Despite the success of the striped bass management program, concerns about the species' health still remain. One disease of particular concern is mycobacteriosis, a slowly progressing bacterial infection that results in a variety of external and internal symptoms including skin lesions, stunted growth, inflammation, tissue destruction, and formation of scar tissue in one or more organs. According to the Maryland Department of Natural Resources and the Virginia Institute of Marine Science, over 70 percent of striped bass in the Chesapeake Bay may have this disease. Recovery and mortality rates from this disease are not yet known, but scientists continue to study this issue and monitor the situation. There is also concern regarding the nutritional needs of striped bass. Studies are being conducted evaluating prey availability and what relation, if any, it might have to the prevalence of disease in the striped bass population.
The Striped Bass Tagging Survey
has been completed annually by a NOAA vessel since 1988. Crew capture, measure, and tag healthy adult striped bass in the Atlantic Ocean off North Carolina and Virginia. When commercial or recreational fishermen catch tagged bass, they can return the tag to the U.S. Fish and Wildlife Service. Using the data that is acquired on these surveys, like abundance, age, distribution, and migration of striped bass, state and federal agencies can better manage the fishery resource for commercial and recreational fishermen.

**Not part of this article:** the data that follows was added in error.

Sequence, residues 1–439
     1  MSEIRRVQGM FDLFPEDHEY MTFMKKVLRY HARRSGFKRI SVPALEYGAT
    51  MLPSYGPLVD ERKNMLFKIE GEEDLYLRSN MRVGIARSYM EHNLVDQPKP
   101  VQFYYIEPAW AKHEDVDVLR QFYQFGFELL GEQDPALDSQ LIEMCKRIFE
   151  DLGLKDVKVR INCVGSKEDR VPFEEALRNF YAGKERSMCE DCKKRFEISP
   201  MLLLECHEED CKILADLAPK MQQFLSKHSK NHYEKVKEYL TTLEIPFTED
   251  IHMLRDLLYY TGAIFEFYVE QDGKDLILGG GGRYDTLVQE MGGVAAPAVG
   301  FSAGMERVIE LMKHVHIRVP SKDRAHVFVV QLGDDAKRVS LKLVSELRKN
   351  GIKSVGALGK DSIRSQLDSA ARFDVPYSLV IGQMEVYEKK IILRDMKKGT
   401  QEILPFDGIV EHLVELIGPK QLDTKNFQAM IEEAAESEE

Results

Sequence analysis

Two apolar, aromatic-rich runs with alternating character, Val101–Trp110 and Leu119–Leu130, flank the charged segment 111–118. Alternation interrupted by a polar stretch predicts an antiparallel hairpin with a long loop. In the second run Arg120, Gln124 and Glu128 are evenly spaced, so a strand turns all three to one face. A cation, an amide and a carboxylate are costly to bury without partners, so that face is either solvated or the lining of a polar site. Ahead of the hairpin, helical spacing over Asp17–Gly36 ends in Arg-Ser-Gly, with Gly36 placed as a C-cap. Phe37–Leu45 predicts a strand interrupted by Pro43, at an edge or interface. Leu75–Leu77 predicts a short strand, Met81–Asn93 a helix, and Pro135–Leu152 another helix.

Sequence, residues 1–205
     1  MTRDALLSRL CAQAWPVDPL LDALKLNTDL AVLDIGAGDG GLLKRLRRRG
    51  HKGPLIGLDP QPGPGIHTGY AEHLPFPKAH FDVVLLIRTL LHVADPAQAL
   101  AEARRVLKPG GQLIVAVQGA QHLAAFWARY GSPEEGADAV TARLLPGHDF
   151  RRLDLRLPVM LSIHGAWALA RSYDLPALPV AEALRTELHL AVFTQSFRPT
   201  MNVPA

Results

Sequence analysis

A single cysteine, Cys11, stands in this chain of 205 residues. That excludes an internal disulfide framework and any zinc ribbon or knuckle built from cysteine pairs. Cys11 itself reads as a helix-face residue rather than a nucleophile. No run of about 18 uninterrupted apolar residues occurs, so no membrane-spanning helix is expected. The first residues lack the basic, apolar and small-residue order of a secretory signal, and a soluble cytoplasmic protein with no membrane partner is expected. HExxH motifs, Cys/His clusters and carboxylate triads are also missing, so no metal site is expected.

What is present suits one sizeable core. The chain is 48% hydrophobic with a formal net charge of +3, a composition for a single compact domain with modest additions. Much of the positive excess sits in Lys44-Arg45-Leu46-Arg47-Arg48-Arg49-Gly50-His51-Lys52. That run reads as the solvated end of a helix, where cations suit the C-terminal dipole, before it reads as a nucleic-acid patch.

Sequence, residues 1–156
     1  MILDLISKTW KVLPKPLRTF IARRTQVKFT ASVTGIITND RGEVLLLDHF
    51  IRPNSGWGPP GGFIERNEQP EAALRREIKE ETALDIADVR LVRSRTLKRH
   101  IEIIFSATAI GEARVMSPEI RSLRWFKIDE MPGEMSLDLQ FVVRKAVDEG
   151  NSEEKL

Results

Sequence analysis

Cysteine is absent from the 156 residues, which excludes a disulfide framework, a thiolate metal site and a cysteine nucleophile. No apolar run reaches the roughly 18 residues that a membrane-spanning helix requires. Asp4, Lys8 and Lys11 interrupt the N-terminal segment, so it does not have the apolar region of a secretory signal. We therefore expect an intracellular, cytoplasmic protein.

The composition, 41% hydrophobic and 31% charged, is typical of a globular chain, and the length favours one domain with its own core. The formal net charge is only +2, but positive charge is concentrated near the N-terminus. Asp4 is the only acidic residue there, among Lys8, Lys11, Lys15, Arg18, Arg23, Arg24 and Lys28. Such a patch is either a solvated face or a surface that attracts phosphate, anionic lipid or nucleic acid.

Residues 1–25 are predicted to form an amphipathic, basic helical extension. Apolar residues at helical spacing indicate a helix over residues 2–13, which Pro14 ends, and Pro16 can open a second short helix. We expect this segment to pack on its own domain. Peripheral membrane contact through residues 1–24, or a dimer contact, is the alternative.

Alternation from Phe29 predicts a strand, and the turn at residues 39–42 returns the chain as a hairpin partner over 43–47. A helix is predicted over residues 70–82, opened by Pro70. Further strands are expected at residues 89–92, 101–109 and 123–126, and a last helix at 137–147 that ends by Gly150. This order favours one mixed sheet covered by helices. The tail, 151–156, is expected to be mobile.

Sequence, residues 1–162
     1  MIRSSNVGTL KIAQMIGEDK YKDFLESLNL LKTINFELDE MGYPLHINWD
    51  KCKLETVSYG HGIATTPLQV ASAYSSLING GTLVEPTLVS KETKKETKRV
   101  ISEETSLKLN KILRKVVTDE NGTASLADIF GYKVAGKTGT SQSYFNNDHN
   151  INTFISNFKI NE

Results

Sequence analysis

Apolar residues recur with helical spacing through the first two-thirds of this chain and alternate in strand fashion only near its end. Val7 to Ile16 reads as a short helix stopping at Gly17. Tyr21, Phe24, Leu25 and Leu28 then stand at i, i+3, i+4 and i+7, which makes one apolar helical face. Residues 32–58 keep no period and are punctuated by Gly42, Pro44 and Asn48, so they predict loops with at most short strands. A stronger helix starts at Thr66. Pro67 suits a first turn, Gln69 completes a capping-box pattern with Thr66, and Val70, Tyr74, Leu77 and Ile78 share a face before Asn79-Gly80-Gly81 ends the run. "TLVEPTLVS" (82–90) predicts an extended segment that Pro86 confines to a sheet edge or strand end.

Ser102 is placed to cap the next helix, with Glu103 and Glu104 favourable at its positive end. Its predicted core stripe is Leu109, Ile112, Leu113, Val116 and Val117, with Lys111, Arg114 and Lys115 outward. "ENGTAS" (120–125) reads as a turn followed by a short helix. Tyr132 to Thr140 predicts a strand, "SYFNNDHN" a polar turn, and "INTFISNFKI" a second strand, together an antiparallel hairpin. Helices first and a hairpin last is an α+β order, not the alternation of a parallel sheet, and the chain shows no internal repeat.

Life History and Habitat
Life history, including information on the habitat, growth, feeding, and reproduction of a species, is important because it affects how a fishery is managed. Researchers have determined that female striped bass reach sexual maturity between the ages of 4 and 8. Using this information, managers set the biomass target and threshold for this species based on female spawning stock biomass, the amount of sexually mature females in the striped bass population.
Role in the Ecosystem
- Geographic range: In the Atlantic, from the St. Lawrence River in Canada to St. John's River in Florida. Also found in the Gulf of Mexico from Florida to Louisiana. Striped bass has successfully been introduced in numerous inland lakes and reservoirs and to the Pacific coast where it now occurs from Mexico to British Columbia.